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Association of American Physicians and Surgeons, Inc.
A Voice for Private Physicians Since 1943
Omnia pro aegroto

Volume 54, No. 12 December 1998


On November 3, 1998, U.S. District Judge Harry Leinenweber granted the AAPS motion to intervene in the case of Sunbeam Products, Inc., v. American Medical Association (97 C 6313) and rescinded the protective order on materials produced in discovery. AAPS had argued that the AMA owes a fiduciary duty to all physicians because of its self representations as their single unified voice and because of its government-granted monopoly over a mandatory billing system (see AAPS News Sept, Oct, Nov, 1998 and www.aapsonline.org).

The Judge stayed the recission for two weeks, during which time the AMA may move for a new, separate protective order: "This motion, if the AMA chooses to file it, must identify specific documents, and clearly define the injury AMA would suffer if those documents were disclosed. Should AMA submit such a motion, the court will set a briefing schedule to enable Sunbeam and AAPS to respond."

The Judge agreed with the AAPS contention that the AMA has the burden to show "good cause" for the order. Because the initial order was based on stipulation by both parties, "the AMA never showed, and the court never found, good cause."

Concerning the possible destruction of discovery materials, the Judge held: "The AMA has stated that it is aware of its general obligation not to destroy evidence, that copies of all its discovery are in storage, and that it has no plans to destroy these materials. The court finds these good faith representations to be sufficient assurance that AMA will not destroy any documents, and consequently holds that a document preservation injunction is not necessary."

David Graham, an attorney representing the AMA, told the Chicago Tribune that the AMA would file for a new protective order.

"Like the Clinton Administration, the AMA is going to great lengths to maintain secrecy and to obstruct inquiries into its policymaking processes," stated AAPS Executive Director Jane M. Orient, M.D., "And it raises the same questions: Who knew what when, and what's the big secret anyway?"

Documents eventually released by the Clinton Health Care Task Force showed a heavy influence by tax-exempt Foundations as well as managed-care executives and representatives of profit- making companies that stand to realize tremendous revenues from centralizing, collectivizing, and computerizing the "health care system." Memoranda from the Clinton Justice Department outlined the strategy for implementing top-down regimentation and rationing in a way that might withstand constitutional challenge. A key part of the strategy was delegation of powers to private actors (see the "Zelman memorandum," AAPS News, May, 1998).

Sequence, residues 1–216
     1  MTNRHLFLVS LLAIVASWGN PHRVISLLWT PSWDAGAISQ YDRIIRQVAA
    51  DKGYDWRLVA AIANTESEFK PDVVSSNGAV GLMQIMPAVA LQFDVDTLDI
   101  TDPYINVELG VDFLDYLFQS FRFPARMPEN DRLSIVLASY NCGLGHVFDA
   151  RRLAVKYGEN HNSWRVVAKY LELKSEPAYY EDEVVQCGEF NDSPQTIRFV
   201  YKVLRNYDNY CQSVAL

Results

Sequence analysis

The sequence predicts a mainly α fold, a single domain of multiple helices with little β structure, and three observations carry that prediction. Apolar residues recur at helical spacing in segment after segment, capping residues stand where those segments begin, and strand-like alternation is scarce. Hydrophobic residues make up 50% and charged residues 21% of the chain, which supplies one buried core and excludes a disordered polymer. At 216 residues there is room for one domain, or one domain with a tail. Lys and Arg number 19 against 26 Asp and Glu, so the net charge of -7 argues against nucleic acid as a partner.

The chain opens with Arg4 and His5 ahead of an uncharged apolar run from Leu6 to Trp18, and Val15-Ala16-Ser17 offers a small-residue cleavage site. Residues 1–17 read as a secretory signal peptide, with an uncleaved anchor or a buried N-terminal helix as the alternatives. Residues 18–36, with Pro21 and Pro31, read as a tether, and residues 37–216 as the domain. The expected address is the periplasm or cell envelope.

The AMA is already deeply involved in the implementation of federal programs, as with the Resource-Based Relative Value Scale, the scheme of federal price controls that makes the CPT coding system so critical. Because this scheme, like all price control regimes that have preceded it during the past forty centuries, has not contained costs but has resulted in corruption and market distortions, still more strong medicine is being prescribed (the AMA/HCFA "E&M Documentation Guidelines"). These "Guidelines," in turn, feed into the central command-and-control measures now in the pipeline for all of medicine, in the guise of "quality assurance," "resource allocation," and "consumer protection."

One obvious question to ask is this: besides the 1983 exclusive contract with HCFA to supply CPT codes (see AAPS News, June 1998), what other business arrangements does the AMA have with government and others to supply the needed data, standards, or professional imprimatur?

It is possible that such arrangements might provide the answers to other vexing questions: Why did the AMA, with the largest ($17 million) lobbying force on Capitol Hill, do nothing to oppose the RB-RVS? Why did it not sound the alarm about criminal penalties in Kassebaum-Kennedy before a Wall Street Journal op-ed piece by an AAPS physician caused phones to ring in Chicago? Why is the AMA doing virtually nothing to promote tax equity and medical savings accounts, even though official policy favors these measures? Why did the AMA endorse a law that would have established a new corporate right to own medical data bases? Why is the AMA not denouncing the "Medicare Integrity Program"? Why is it not fighting a national identifier number?

Focusing just on the June, 1998, E&M guidelines: Why do they contain nothing to protect patient privacy? Why do they so devalue the skills (and downgrade the payment) of physicians by saying that it requires medical decision-making of only "low" complexity to treat patients who need an arterial puncture or an EEG, and only "medium" complexity to perform endoscopy or cardiac catheterization? According to the proposed schema, payment is improved if you choose a more invasive procedure (intra-arterial angiography vs. MRA), and the most remunerative decision of all is to deny treatment.

As Arnold Relman, M.D., former editor of The New England Journal of Medicine, stated: "As a result of [the Sunbeam] settlement, we will never know the truth of what happened. It does not let the sun shine in."